This is one of more than 100 comments left on that page, nearly all complaints or moving accounts from India of failed bids to get Nokia’s care and attention. Frankly I am developing a warped view of the subcontinent, as this place criss-crossed by lost souls bearing malfunctioning handsets, desperately looking for salvation in the form of a glowing Nokia logo.

Anyway, maybe I should introduce them all to Linda. A wire rod or two may be just the answer.

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The Economics of Journalism

Daniel Harrison at the The Global Perspective takes issue with my post about media companies no longer being about content and all about the medium. He makes a fair point, and it’s a good thoughtful post (I’ll forgive him getting my name wrong), concluding that “it is misleading to get side-tracked into a debate on medium, when content is what it’s about”:

The medium is changing, but this is nothing new. One hundred years ago most newspapers did not have pictures; now they do. So what? The act of news reporting and delivery is what the economics of journalism is about.

I don’t think, sadly, this is true.The economics of journalism is to make money through advertising, and to a lesser extent, through subscription. The content — how many reporters can be hired, how far they can travel — is largely determined by this. Some publications manage to ignore this with the help of wealthy patrons, but eventually they all fall into the same equation. Newspapers have been economic for so long because they represented a viable logistical operation for delivering content (and advertising). But if the technology of logistics changed, so would be the business model. That is what is happening now. The delivery mechanism has changed so radically that it’s also changing the content mechanism. If bloggers on the streets of Bangkok can get pictures and news of a coup before the wires and TV crews, why not make that part of your content?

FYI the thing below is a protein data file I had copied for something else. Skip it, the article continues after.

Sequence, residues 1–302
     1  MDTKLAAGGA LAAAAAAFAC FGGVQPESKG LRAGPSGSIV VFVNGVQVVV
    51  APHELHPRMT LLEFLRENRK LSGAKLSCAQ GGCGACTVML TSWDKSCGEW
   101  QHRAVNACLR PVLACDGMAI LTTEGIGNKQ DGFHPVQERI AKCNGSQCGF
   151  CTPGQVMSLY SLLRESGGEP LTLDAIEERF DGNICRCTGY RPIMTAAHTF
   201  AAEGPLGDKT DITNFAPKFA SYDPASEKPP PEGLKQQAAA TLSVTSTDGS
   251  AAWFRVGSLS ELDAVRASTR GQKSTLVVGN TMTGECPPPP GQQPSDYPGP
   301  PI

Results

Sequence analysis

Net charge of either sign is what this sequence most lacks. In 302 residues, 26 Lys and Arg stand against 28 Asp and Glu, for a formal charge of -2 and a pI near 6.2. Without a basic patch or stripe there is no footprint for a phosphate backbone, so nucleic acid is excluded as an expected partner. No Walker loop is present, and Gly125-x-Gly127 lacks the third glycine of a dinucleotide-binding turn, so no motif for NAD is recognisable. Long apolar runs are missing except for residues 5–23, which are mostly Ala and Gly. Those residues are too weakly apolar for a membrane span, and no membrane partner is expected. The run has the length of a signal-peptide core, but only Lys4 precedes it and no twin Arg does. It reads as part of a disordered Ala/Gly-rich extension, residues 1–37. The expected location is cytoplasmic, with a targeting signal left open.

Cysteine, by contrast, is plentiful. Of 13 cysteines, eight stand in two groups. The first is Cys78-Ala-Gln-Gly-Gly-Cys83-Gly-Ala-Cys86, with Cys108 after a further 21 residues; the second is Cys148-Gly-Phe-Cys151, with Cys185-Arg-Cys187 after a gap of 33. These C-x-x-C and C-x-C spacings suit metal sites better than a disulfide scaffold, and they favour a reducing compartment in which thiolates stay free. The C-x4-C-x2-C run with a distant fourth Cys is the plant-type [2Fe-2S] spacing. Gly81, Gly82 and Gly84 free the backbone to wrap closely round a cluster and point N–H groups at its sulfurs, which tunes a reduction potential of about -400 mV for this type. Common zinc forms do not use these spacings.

His commentary is in the context of the broader tug of war between bloggers and journalists — one he is right to say has a tendency to get too personal, too vitriolic. This is one of those weird artefacts of this period of change, and we’re going to look back and wonder what all the fuss was  about. There will always  be room for professional journalists — reporters, editors, commentators and columnists — and Daniel is right to say that content, in that sense, is still going to be a priority for many media companies. But it will be in a much changed environment, where the walls between creator and consumer are broken down, where delivery, creation and sharing are part of the logistical machinery, and where a well-known, respected blogger is as credible as a well-known, respected journalist.